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The darkness of the rather gloomy winter’s night and the back-lighting from the streetlamps behind me no doubt aided in giving my silhouette a more imposing outline than my age of just seventeen probably warranted. On the other hand I’m a fairly hefty six foot two with what Mum calls ‘a deep brown voice’, so it was probably a combination of the lot which caused the scrabbling gang of youths to suddenly cease milling about when I yelled out. Strangely enough I can’t remember what it was that I yelled, but it undoubtedly saved their victim from an even worse bashing than he’d already received. He was still cowering against the wall of the alley when I ran up, the last of his three attackers having quickly vanished into the dimly-lit road beyond, leaving only fading echoes of their defiant cat-calls.

‘You all right?’ I crouched beside him on the still-damp cobbles, the hairs on my neck slowly settling down for the second time that night, having already had a good dose of exercise from the creepy thriller I’d just sat through at the local cinema.

‘Me ’ead ’urts.’ His rather high-pitched moan trembled as he took his hand away from his hair to peer at it. ‘I fink I’m bleedin’.’

‘Can you walk?’

He nodded and then winced, plainly wishing he hadn’t. A hand under the armpit was enough to get him to his feet however and though he tended to stagger a little, he made it back to the main street mostly under his own steam.

Once beneath the reassuring brilliance of the high-street lights, I realized his injuries were more serious than just a cut to the head. His left eye was already almost squeezed closed by rapidly developing puffiness and his hands and knuckles were raw and bleeding from where he’d tried to defend himself. He plainly needed attention, if only from the injuries I could see, but he seemed reluctant when I suggested I take him to the hospital.

‘Nah … s’all right … I’ll be okay.’ He tried to fend off my helping hand with his own and promptly confounded his recent assertions by crumpling to the pavement. I caught him before his head received yet another smacking and pre-empted any more protests with a firm arm under the shoulders as I half-carried him towards the town square.

Predictably, although there was some traffic, no empty taxi came past until we’d almost reached the outpatients building and by then, we were too close to bother hailing it. I helped my charge through the door and sat him rather unsteadily on one of the chairs in the reception area. There was only one triage nurse on duty, a large, matronly woman who took one look at my lolling armful and shot him to the top of the list. There were a few disgruntled murmurs from the dozen or so patients already there, but she ignored them completely as she helped the two of us into a small examining cubicle.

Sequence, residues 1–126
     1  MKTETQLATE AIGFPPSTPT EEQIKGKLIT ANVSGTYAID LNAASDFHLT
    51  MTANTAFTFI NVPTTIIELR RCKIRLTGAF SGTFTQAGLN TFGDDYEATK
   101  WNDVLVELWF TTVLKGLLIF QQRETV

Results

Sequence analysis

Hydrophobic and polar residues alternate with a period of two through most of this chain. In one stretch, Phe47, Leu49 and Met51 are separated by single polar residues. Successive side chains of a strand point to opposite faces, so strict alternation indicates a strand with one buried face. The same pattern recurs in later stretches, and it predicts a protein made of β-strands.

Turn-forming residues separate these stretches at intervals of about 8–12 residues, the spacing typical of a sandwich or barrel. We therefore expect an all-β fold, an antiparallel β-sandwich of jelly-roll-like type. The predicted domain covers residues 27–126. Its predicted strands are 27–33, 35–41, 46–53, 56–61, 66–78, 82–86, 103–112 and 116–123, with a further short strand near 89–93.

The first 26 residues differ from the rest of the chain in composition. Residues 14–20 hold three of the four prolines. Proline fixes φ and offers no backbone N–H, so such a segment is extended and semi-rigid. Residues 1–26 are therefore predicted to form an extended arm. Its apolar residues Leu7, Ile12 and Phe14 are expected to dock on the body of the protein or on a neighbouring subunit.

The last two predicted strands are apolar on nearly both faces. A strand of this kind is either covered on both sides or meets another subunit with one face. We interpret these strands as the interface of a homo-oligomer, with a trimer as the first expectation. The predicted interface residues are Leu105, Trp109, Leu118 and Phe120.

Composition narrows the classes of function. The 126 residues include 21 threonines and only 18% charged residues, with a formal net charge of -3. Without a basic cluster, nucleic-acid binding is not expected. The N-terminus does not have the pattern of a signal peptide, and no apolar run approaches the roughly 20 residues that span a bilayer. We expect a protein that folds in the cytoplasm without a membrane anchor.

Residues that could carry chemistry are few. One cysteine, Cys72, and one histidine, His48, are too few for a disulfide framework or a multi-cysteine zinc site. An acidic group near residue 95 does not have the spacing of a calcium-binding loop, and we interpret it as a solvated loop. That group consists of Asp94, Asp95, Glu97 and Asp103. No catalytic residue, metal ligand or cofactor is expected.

Somewhat perversely, the next few minutes were spent worming information out of the bashee, during which I found out that his name was Eric Walters and like me, he was seventeen years old. As the nurse continued to fill out the usual personal and medical details, I sat quietly by the bed, trying to figure out what Eric would look like if he hadn’t been walloped.

He was as small as I was large; no more than five one or two. I’d already suspected he was a Londoner from his broad Cockney-sounding accent, but his appearance put him smack in the middle of the ‘urchin’ category.  The spiky red hair and bright blue eyes … or eye, at the moment … added to the illusion as did his clothes, which were worn and obviously quite old. I’d started to muse off, wondering what the rest of his family was like when I was jolted back to earth by a question from the looming Ms Nightingale.

‘Are you a relative?’

‘Er … no. I just …’

 I was firmly interrupted. ‘Then I’ll have to ask you to wait outside.’ She brooked no argument, the blue plastic curtain already drawn aside for my exit. I glanced back at Eric to see if he wanted me to wait, but he was lying down and not looking at all good. The curtain swished shut behind me like the sudden ending to a theatrical scene.